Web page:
"Yur Ther: A Spelling Manifesto"
In the late 18th Century, Noah Webster had a political vision to revolutionize spelling for the American language. Many of his reformations eventually happened, like less-idiotic spellings of ‘color’ & ‘wagon.’ Some of his more radical ideas, like spelling ‘is’ with a ‘z’ like it sounds, never caught on. Although Webster is still lionized as the founding father of American Spelling, we have not continued to adapt after his fashion in the past few centuries. Our pronunciations have continued to evolve, but not our spelling of them. We are constantly adding trendy new words like “omg” & “unfriend” into the dictionary after they become common usage, but never updating spelling to reflect speech. Historically, spelling has been mutable and was constantly in flux for centuries. Between 1564 and 1616, the name Shakepeare was spelled more than twenty different ways in literary and non-literary sources (Shaxberd!) This not because people were stupid or didn’t fact-check the playwright's name, but because spelling was not standardized and it was used more freely as a tool to describe speech.
In the 21st century, things have changed again, and the pendulum is again pendulumming. The youf, as they’re known, when they are texting and IMing, have begun to ignore how words are supposed to be spelled and spell shit however they want. This spelling revolution has seeped into other correspondences and into literature. However, whenever it creeps into the schoolroom or into other written formats, the youf is seen as ignorant, uneducated, sloppy or worse. It’s time to accept this war for what it is! Spelling differences set culture against culture, elite against the democratic masses, generation against generation, race against race, man against man. Language is not a protected tower that only the educated can occupy, it is a chaotic mess of wilderness. Spelling is social, racial, and political.
In this brief manifesto, I propose eliminating the UNCONSTITUTIONAL laws mandating which ‘your’s or ‘there’s are supposed to be used in their elitist “correct” usages. (I realize that there is no “constitution” of the English Language, and therefore said laws cannot be unconstitutional. However, I reject your elitist definition of ‘unconstitutional,’ and like Lewis Carroll’s Humpty Dumpty, I choose to make words mean what I wish them to mean.) For too long now, incorrect uses of ‘your’/’you’re’ and ‘there’/’their’/’they’re’ have caused derision, condescension and patronizing rebukes from haughty rule-followers and narks (I’m looking at you, English teachers.) Many of the people who mess up these rules are intelligent and thoughtful users of language. Many more are not, but they are still human and still honorable members of the unwashed English-speaking hordes. Either way, surely the content is more important than the superficial spelling rules. Even if the content is crap, why should the spelling reflect poorly on the speller’s character? It is social and political discrimination to assume that spelling error makes a man less of a man.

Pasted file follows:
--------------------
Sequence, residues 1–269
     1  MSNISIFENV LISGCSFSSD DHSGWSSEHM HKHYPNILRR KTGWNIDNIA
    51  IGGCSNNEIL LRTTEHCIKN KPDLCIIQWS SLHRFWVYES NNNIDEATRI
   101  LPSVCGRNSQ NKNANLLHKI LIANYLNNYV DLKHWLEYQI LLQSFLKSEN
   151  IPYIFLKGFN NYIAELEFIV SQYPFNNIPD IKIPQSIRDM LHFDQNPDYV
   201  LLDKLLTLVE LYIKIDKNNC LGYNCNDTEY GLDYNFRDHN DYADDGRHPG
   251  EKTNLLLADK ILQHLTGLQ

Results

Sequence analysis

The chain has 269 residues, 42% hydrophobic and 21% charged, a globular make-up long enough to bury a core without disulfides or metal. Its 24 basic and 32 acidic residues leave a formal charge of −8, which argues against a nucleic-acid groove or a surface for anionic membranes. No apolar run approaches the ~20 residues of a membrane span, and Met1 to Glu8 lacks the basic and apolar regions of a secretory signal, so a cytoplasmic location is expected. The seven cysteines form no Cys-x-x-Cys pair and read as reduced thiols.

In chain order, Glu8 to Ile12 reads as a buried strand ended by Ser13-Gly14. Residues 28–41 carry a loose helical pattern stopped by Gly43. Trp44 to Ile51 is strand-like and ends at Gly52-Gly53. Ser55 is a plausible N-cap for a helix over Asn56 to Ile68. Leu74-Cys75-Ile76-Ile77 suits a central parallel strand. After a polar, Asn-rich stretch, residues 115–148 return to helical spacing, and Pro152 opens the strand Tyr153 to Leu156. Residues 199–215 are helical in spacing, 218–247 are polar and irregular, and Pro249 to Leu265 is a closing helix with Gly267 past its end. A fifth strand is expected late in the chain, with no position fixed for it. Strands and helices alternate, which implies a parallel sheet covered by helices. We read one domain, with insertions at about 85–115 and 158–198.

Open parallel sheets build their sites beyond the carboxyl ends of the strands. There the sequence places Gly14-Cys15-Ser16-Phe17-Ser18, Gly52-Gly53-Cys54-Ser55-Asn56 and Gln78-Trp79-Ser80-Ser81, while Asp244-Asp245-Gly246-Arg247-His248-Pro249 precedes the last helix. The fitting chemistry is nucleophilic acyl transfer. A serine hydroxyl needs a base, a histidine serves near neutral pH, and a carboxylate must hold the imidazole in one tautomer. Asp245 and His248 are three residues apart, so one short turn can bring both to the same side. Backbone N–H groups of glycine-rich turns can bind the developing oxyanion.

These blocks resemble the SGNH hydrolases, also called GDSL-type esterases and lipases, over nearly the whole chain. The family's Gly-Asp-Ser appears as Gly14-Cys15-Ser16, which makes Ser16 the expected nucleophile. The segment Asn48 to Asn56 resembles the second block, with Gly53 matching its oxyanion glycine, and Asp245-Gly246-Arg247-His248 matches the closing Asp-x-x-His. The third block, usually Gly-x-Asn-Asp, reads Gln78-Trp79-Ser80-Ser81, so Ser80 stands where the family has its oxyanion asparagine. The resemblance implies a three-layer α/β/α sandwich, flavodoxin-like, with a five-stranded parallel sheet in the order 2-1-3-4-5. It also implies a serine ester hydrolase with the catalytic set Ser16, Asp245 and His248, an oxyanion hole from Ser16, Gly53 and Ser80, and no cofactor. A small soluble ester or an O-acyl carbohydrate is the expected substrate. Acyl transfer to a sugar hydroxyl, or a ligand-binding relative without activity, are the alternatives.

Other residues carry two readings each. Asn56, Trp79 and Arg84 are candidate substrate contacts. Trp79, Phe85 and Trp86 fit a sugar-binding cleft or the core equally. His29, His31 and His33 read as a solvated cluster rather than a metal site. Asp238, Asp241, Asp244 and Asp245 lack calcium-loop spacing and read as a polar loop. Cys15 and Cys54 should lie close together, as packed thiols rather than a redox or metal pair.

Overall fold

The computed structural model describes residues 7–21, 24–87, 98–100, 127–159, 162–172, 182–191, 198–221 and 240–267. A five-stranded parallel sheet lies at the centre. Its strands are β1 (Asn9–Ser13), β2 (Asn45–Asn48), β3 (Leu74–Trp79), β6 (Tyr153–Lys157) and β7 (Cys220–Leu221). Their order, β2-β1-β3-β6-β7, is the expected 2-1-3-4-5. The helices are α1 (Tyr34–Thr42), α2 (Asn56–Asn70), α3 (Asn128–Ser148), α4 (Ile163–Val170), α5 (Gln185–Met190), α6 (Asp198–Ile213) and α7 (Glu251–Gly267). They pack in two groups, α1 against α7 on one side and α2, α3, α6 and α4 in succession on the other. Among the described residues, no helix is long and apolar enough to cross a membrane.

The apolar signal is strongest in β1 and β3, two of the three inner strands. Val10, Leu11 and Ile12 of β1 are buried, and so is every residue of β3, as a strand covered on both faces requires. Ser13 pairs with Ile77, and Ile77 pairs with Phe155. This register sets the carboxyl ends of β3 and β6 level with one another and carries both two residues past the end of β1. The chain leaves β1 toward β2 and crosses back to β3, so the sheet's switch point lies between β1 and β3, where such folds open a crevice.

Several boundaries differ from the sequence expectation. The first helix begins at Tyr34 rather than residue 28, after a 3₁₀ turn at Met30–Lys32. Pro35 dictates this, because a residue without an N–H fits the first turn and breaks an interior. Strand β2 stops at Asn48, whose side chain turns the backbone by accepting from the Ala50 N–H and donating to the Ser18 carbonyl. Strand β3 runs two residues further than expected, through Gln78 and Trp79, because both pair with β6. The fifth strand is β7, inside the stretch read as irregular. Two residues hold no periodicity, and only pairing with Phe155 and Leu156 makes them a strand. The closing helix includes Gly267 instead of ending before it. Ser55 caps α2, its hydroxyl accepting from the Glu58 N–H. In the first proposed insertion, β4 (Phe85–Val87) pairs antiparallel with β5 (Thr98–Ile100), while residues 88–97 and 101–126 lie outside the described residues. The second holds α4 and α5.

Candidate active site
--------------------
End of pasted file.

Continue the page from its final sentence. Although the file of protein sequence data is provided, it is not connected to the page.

The your/you’re and there/their/they’re rules are CONFUSING and UNREALISTIC. I have many college-educated friends who regularly commit mistakes to this rule, either because they didn’t notice the mistake or didn’t care. Others simply don’t give a butthole. Despite the widespread indifference, every day people are denied jobs or romantic advances on online dating sites because of mixing up their ‘there’s.’ I propose two new accepted words to the English Language: ‘ther’ and ‘yur.’ These are not meant to replace the other “correct” spellings, but to function as accepted stand-ins for the lazy or confused writer, in any public or private, official or unofficial written communication. Therefore their definitions would be as follows:
yur - either ‘your’ or ‘you’re,’ depending on context, or whatever.I also propose lobbying congress to enact a Hetorograph Bill to protect citizens who regularly mess up hetographs/homonyms/homographs/heteronyms &c (the "homonymphobic" or "homonymphomaniac") from discrimination in the workplace, job market, and online dating sites.
ther - either ‘there,’ ‘their,’ or ‘they’re,’ depending on context, which should be easily discernible (hence “context”), so figure it out yourself and leave me alone.